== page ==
China's Panda Diplomacy

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Kyodo / Landov

Ling Ling, a male giant panda, at Tokyo's Ueno Zoo.

Modern China and Japan have never been close. There's just been too much history between the two countries. But ties have improved lately and Beijing's Olympic torch made its tour of Nagano City without much incident last week (unlike a later, tumultuous journey through South Korea). But now, just as Tokyo is about to welcome Chinese President Hu Jintao on a relatively extended state visit, a strange omen has occured: Ling Ling, the only panda that China has given rather than loaned to Japan, has died.

Japan is in mourning over the 16-year resident and superstar of Tokyo's Ueno Zoo. Ling Ling died overnight of heart failure and kidney malfunction. His portrait now sits inside his cage, next to bouquets and his favorite bamboo shoots. Some visitors wept; others prayed and wrote notes to his memory. In 1992, Ling Ling was part of a bilateral trade agreement of sorts: the Chinese gave Tokyo a giant black-and-white panda — native to its southwest — in exchange for a panda the Japanese had bred in captivity. China has since stopped giving pandas away as part of its diplomatic policy and has also suspended its lucrative "loans" of the animals to zoos around the world because of the species' increasing endangered status. (Most recently, a pair was offered to Taiwan — considered a domestic transfer by China — but the couple was refused by Taipei.)

The news is that Japanese Prime Minister Yasuo Fukuda may ask Hu for a new panda. (Japan has eight pandas on loan from China.) The sad passing of Ling Ling could thus become an opportunity for the Chinese President to dramatically improve ties between Tokyo and Beijing. He is already getting the full VIP treatment during his May 6 to 10 tour. Hu will meet with Fukuda, then with the Emperor and Empress, and visit Yokohama's Chinatown as well as the historic city of Nara and the financial center of Osaka. Symbolically, it is already an important trip: it is Hu's first overseas trip since the 17th National Congress confirmed him as President last October. A giant panda would be the perfect diplomatic exclamation point to the visit. Or so the Japanese hope. Chief Cabinet Secretary Nobutaka Machimura said that he supports the request for pandas for the Ueno Zoo. Said he, "They're cute."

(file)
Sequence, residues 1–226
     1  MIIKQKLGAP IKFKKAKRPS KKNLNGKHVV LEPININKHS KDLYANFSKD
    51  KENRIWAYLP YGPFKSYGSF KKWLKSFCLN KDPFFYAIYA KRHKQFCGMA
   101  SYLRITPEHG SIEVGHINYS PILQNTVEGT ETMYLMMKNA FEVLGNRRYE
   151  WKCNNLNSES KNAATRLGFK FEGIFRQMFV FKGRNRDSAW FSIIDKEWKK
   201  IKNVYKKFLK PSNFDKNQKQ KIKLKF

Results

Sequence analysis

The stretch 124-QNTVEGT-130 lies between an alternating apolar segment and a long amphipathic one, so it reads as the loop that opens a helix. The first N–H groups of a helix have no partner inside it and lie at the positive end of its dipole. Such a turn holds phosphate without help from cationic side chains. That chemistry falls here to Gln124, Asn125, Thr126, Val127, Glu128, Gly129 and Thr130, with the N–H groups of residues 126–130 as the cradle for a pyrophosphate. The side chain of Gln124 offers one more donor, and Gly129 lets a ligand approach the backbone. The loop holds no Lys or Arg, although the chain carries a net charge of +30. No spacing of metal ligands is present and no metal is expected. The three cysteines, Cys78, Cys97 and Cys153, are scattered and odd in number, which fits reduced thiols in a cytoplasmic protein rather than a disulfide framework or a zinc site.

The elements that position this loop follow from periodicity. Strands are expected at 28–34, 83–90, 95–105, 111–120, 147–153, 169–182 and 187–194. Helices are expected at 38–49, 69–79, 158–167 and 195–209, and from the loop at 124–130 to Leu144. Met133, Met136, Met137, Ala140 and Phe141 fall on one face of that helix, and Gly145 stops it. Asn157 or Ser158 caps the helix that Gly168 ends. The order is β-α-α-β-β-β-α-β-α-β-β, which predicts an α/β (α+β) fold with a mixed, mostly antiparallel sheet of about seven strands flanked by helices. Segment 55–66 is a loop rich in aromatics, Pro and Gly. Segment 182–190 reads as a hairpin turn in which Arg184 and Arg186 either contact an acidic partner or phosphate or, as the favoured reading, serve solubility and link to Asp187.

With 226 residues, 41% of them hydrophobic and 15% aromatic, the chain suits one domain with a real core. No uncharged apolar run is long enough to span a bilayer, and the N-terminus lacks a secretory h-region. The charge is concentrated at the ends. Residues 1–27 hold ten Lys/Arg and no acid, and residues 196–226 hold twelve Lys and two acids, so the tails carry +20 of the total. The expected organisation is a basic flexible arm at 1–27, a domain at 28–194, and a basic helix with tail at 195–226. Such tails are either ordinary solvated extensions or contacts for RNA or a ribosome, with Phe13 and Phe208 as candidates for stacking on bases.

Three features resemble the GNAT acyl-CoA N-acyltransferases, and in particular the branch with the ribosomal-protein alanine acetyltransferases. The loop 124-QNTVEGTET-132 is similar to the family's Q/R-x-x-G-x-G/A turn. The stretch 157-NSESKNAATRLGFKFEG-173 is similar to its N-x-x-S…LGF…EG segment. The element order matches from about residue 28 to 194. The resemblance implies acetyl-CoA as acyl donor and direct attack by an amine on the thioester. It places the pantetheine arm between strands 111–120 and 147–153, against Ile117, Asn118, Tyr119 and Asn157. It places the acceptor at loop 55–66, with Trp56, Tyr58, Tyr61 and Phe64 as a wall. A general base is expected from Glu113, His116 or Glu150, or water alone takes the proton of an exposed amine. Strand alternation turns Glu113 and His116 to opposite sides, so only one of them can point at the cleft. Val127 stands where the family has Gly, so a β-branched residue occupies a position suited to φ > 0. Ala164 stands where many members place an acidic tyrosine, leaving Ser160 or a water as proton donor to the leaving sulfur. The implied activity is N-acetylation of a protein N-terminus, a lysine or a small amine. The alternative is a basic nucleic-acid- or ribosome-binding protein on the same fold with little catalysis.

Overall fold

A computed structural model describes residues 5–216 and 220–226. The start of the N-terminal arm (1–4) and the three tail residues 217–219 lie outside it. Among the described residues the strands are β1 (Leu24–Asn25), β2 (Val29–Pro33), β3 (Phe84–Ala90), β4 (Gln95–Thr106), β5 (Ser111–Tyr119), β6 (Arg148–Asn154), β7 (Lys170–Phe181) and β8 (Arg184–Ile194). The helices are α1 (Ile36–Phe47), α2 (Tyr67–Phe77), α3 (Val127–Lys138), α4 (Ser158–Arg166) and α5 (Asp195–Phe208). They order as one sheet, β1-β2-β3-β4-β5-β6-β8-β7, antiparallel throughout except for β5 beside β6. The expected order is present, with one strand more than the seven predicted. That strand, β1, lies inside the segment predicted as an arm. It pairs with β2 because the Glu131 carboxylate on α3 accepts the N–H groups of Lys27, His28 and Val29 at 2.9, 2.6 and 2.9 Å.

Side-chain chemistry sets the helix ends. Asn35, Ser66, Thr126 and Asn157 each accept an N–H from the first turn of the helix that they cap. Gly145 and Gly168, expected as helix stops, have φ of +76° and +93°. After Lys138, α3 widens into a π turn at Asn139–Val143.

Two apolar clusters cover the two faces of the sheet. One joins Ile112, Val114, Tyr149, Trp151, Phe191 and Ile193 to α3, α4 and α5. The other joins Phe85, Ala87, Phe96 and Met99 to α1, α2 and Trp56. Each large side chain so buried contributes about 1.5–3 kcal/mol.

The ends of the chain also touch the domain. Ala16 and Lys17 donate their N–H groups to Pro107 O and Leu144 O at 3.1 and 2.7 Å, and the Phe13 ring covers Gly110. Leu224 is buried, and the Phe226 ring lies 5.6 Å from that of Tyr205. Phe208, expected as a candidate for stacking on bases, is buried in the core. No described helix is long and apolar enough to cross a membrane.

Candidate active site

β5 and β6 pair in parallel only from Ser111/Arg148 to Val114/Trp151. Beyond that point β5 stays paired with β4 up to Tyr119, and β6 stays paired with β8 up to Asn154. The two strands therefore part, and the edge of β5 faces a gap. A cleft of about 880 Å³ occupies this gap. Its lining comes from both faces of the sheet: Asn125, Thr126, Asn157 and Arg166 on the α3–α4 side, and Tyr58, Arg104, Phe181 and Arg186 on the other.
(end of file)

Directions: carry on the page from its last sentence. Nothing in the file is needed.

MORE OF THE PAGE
If the Japanese do get a new panda of their own, they can only hope the animal will be more fruitful than Ling Ling. With a name meaning "darling little girl" in Chinese, Ling Ling, a male, was probably confused. He had no luck mating with female giant pandas. His potential mate in Ueno, Tong Tong, died in 2000, without issue. Playdates with pandas in Mexico were also unsuccessful. At the end, he probably just stopped trying. Ling Ling was 22 when he died — roughly equivalent to 70 human years.